I think we can all agree that the Gaza rocket fire is reprehensible and is aimed at terrorizing Israeli civilians. It’s disruptive and traumatic. But let’s be clear: The overwhelming majority of rockets fired from Gaza are like bee stings on the Israeli bear’s behind …. Gaza, meanwhile, is almost entirely urban and densely populated; bombs there will kill civilians no matter how precisely targeted.
This is hardly the first time the mainstream media has completely blown a story in order to attack Israel. During the Second Intifada of 2000, the New York Times printed an Associated Press photo of a man bleeding profusely, an Israeli policeman in the background shouting and wielding a club. Its caption: “An Israeli policeman and a Palestinian on the Temple Mount.” But the bleeding youth was a Jewish student beaten nearly to death by Arabs, and saved by the policeman.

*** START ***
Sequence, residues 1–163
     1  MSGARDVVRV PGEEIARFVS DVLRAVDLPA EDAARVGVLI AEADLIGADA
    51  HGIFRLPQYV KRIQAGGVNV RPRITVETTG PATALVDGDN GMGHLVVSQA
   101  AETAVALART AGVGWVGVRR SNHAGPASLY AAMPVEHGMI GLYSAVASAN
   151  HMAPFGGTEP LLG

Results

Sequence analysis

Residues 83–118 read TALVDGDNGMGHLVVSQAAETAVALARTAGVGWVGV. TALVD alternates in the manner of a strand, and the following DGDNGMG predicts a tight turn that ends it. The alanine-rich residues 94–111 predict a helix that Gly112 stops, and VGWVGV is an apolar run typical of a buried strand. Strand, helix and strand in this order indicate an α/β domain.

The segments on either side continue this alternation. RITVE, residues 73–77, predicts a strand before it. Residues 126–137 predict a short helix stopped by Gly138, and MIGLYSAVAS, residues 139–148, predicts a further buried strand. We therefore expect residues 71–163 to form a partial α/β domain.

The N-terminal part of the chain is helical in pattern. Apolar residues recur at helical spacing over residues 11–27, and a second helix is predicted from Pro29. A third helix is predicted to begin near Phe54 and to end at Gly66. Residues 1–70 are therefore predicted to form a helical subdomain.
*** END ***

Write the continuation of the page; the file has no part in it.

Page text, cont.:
That same year, French television accused Israel of shooting and killing Muhammad al-Durrah in the Gaza Strip. As it turns out, al-Durrah may not have been killed at all, and if he was, was most certainly killed by Palestininans. Nonetheless, the story became international news, and was used by terrorists as a backdrop to the murder of Daniel Pearl.
Such malicious reporting has become a hallmark of the anti-Israel press. During virtually every conflict, false stories are carried by the mainstream press suggesting outsized Israeli atrocities. It’s typical that the Washington Post ran with such an unequivocal report in the first place, and that they then went silent, when just months ago they were cheerleading for Hamas sympathizers based on a lie.
UPDATE: Late on Monday evening, Fisher posted a story about his initial coverage of the Masharawi incident. First, he claims that the “question of which ‘side’ bears responsibility for Mishrawi’s death is of course important, if at the moment not fully known, in its own right.” But then he proceeds to explain that it doesn’t really matter, since knowing the source of the ordinance that killed Omar Masharawi won’t solve the problem of peace in the Middle East: